Document Type




Format of Original

12 p.

Publication Date



American Psychological Association

Source Publication

Journal of Applied Psychology

Source ISSN



This study integrated measures of equity sensitivity and self-efficacy in an effort to better understand how these variables may affect job satisfaction, organizational commitment, and intent to leave. Equity sensitivity denotes how sensitive people are to overreward and underreward situations and has recently enhanced the accuracy of equity theory in predicting job satisfaction in social exchange situations. Self-efficacy, or task-specific self-confidence, is a central component of Bandura's social cognitive theory, and its influence on individuals' goals, efforts, and task persistence is well documented. Results from a field study of 242 employees in a health care firm support the moderating role of equity sensitivity in relations between self-efficacy and job satisfaction and between self-efficacy and intent to leave, but not between self-efficacy and organizational commitment. (PsycINFO Database Record (c) 2010 APA, all rights reserved)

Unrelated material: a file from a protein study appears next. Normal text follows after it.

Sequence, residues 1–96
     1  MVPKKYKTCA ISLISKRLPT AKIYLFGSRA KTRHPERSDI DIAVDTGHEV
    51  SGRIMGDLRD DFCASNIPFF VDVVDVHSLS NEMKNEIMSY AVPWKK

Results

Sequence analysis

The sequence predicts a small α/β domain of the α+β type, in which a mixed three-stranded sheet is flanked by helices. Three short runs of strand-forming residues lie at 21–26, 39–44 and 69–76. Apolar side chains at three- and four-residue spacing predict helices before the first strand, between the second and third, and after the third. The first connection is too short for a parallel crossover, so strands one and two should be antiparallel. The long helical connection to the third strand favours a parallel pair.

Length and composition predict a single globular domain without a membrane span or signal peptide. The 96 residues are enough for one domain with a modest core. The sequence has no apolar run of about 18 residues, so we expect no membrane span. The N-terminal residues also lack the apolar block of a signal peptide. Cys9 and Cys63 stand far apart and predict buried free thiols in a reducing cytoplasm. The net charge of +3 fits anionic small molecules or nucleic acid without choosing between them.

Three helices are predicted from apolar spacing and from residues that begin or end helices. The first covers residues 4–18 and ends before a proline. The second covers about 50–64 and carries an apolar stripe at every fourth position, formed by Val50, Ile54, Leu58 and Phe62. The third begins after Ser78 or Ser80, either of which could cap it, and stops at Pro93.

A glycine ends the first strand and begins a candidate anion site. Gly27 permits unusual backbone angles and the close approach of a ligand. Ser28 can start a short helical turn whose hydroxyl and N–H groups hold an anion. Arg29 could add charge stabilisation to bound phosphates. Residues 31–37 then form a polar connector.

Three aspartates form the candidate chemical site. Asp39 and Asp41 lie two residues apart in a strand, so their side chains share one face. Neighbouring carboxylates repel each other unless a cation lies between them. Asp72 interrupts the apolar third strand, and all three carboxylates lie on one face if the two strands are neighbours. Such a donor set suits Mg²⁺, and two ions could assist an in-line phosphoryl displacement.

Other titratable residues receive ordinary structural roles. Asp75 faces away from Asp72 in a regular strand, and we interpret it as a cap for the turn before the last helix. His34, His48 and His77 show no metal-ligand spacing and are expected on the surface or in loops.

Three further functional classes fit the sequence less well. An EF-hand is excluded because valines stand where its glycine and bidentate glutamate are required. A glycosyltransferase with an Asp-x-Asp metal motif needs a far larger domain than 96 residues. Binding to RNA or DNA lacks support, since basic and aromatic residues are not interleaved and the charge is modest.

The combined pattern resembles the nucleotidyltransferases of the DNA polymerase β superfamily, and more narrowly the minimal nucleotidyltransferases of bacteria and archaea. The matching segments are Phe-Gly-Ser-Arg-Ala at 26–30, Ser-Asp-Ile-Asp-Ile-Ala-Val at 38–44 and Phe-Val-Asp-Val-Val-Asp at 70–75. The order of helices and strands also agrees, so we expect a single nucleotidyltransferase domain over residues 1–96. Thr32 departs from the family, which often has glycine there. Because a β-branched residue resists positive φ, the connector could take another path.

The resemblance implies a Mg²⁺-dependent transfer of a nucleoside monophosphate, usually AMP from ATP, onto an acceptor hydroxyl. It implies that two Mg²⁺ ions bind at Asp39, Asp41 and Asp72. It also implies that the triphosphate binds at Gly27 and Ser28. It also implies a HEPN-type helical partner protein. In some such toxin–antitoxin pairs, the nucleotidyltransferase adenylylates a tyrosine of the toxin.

Accepted version. Journal of Applied Psychology, Vol. 83, No. 5 (October 1998): 805-816. DOI. © 1998 American Psychological Association. Used with permission.

This article may not exactly replicate the final version published in the APA journal. It is not the copy of record.

Bonnie S. O'Neill was affiliated with the University of Wisconsin-Milwaukee at the time of publication.

Oneill_953acc.docx (303 kB)
ADA accessible version

Included in

Business Commons